Researchers at Preston’s university say a world-first study has shown the risk to newborn babies from coronavirus is classed as ‘low’.Advertisement
The University of Central Lancashire worked with staff at Blackpool Teaching NHS Foundation Trust on the research.
The team found only 10 cases, from analysis of more than 200 medical papers which included records of 75 births, where babies had tested positive for coronavirus in the first four weeks since birth.
Only two of the 10 cases saw the baby catch the virus from the mother while in the womb.
UCLan researchers said: “One case involved in the research was of a baby delivered 8-weeks prematurely in the UK by emergency caesarean and cared for by the research team, with the mother wearing a mask and no family contact during the birth, implying that this case was most likely transmitted directly from the mother to the child within the womb.”
The papers studied were published between 1 December 2019 and 12 May 2020.
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Lead author and professor of evidence synthesis and systematic review at UCLan, professor Morris Gordon, said: “This analysis of existing research points us toward a trend of COVID-19 being very rare within newborn babies, and having a mild impact if the newborn is infected.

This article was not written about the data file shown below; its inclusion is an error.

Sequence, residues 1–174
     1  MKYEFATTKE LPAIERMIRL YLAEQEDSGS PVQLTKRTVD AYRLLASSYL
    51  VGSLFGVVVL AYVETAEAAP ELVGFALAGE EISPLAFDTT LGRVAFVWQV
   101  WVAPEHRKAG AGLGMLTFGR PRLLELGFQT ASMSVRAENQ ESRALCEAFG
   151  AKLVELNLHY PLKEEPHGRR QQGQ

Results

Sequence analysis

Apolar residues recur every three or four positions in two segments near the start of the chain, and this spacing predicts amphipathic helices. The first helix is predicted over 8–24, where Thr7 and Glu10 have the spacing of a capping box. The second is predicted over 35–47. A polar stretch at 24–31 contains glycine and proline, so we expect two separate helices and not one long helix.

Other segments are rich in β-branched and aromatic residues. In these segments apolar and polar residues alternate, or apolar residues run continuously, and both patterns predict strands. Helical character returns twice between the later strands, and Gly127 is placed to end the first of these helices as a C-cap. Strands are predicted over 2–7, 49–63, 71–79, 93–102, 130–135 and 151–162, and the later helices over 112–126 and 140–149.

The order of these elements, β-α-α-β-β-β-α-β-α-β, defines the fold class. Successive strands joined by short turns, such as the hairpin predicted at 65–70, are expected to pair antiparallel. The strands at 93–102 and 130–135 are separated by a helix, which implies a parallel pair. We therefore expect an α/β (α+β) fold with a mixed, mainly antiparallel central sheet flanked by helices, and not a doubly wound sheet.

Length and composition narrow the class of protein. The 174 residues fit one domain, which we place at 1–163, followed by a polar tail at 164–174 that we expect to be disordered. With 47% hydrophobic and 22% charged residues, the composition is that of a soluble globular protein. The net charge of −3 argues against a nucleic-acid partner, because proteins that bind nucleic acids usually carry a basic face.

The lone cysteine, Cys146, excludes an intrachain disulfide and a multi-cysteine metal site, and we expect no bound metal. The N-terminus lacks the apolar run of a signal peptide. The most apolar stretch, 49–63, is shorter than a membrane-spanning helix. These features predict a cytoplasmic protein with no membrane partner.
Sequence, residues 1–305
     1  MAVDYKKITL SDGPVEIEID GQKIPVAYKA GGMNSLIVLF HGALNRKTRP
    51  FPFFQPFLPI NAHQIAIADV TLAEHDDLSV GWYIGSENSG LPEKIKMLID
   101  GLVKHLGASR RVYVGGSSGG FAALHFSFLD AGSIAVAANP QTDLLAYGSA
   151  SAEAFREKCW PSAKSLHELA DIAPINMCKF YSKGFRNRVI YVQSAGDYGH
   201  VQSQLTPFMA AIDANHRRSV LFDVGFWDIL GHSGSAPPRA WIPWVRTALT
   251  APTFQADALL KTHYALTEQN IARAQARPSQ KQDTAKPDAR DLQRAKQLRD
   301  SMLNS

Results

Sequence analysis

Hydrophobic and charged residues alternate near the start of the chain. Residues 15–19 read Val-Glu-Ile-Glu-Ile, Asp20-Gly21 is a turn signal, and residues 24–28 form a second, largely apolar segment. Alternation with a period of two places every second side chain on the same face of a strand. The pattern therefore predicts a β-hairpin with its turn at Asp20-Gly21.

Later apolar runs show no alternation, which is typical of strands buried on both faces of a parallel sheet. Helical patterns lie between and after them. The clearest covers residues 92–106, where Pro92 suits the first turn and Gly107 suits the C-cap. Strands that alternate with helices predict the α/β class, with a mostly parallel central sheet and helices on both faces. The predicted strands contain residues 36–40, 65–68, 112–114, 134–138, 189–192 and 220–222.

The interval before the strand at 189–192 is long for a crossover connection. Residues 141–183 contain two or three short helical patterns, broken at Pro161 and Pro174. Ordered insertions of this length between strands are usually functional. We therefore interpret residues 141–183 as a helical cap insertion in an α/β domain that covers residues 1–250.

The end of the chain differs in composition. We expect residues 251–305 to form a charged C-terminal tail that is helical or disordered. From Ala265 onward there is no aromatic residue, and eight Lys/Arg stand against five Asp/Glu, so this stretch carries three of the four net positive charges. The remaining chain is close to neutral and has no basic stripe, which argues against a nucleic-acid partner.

“However, it is important to highlight that this is solely based on analysis of previously published scientific studies, and new parents and healthcare workers should continue to take all necessary precautions advised by their respective health authorities.
“There is still much more to be understood about this new virus, and additional research must to be carried out in the coming weeks and months to fully understand the risk posed by COVID-19 to babies and young children.”
They found in all of the ten cases of Covid-19 in newborns that none of them needed additional treatment and there were no significant effects on the health of the babies as a result of coronavirus.
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Co-author and middle-grade paeditrician at the Blackpool NHS Trust, Dr Taher Kagalwala, said: “This research reinforces that this virus seems to affect different groups of people in very different ways, and that there is still much to understand about its impact.
“We hope that these conclusions, combined with continuing research, will offer valuable insights into how the global medical community can best keep children and families safe and well.”
The analysis was published in the British Medical Journal.
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